First, a beehive in the middle of a field beside the road at the top of a hill in Hungary - as soon as it appeared on the horizon, we knew we'd be stopping to take photographs -Walls somewhere tropical - the Caribbean? -
This building was bombed during the war in former Yugoslavia - people carrying on with their lives regardless -
Somewhere tropical again -
The caption says this is the golden shrine of Tutankamun on runners - I find it rather frightening -

18 August 2009

Festival of Quilts 2008

While sorting out photos on the computer I found the ones from last year's Festival of Quilts. Dorothy Caldwell's class has really stayed with me and has influenced what I've done in the art foundation course since then. So while I'm 6000 miles away from "all that", it's a good time to encounter her work in photos. And after the Little Gems tombola, I'm free to think about new work, perhaps a new direction, in my quilts and art in general.Here's a closeup of another piece by Dorothy Caldwell , showing the stitched marks -
Unfortunately I don't have the name of the maker of this piece of "marksmanship" --
It too leapt out to meet me where I seem to be now.

24 hours in pictures

The "24 hours in pictures" feature in The Guardian's daily email version has about a dozen terrific images from around the world. (Receive it free by registering here.)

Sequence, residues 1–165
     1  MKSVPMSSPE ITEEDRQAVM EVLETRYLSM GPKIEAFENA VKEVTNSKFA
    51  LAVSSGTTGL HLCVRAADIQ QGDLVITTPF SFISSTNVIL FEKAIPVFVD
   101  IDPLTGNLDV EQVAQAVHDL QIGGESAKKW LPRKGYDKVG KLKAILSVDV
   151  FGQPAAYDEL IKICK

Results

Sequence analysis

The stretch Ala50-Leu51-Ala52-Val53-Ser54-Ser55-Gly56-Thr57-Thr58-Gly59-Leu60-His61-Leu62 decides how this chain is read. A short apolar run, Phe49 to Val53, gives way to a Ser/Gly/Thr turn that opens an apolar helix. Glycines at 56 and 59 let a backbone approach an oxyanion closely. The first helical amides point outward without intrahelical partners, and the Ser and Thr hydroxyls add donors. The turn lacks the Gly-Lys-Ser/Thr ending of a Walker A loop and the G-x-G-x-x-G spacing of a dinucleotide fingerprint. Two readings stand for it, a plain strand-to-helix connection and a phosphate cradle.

This one particularly caught my eye - the lacy structure, subtle colours, and mysterious happenings.Donetsk, Ukraine: Smoke goes up from a burning warehouse containing fireworks
Photograph: Alexander Khudoteply/AFP/Getty Images

17 August 2009


Jan handed over her applique picture of Glencoe for me to turn into two Little Gems. After binding the first, I realised we needed a "before" picture, so here's a reconstruction -The first one was straightforward: cut and bind -
But the part on the left needed "something more" - how about some fantastic flowers? Vivian suggested using the salvaged beads, and adding some red binding to pick up the colour.
And please overlook the carefully placed loose thread - I was in too much of a hurry to photograph this!

Early one morning